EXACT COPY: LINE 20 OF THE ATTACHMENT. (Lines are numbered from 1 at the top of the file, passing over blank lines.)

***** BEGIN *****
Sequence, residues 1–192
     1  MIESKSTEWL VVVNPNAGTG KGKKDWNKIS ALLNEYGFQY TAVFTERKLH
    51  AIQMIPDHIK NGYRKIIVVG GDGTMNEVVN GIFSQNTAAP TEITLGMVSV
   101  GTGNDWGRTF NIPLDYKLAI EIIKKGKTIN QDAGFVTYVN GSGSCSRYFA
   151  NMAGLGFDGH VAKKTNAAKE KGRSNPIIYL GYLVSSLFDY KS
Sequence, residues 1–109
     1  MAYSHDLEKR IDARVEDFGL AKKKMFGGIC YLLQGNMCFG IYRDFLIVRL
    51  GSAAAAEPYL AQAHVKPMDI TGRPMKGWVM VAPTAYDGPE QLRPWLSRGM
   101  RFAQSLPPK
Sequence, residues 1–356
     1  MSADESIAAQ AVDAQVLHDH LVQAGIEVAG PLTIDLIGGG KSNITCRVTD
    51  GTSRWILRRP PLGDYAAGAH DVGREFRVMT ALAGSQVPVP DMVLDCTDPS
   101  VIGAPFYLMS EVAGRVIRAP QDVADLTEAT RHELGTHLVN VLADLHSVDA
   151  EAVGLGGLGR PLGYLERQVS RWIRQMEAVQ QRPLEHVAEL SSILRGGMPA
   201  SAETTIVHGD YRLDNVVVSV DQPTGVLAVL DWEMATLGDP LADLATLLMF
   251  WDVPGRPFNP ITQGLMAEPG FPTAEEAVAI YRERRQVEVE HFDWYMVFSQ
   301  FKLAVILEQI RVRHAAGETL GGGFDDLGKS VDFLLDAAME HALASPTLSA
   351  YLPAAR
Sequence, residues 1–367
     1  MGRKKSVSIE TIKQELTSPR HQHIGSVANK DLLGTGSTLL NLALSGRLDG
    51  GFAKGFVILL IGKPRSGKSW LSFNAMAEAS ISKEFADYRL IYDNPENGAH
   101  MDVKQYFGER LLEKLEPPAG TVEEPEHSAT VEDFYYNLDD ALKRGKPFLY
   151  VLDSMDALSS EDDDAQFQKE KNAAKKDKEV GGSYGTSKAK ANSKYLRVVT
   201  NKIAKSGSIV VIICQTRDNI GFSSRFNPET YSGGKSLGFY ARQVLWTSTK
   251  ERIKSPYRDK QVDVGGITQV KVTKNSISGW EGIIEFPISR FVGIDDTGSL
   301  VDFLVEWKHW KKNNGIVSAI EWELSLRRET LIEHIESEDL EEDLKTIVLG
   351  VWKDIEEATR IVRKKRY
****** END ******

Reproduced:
     1  MGRKKSVSIE TIKQELTSPR HQHIGSVANK DLLGTGSTLL NLALSGRLDG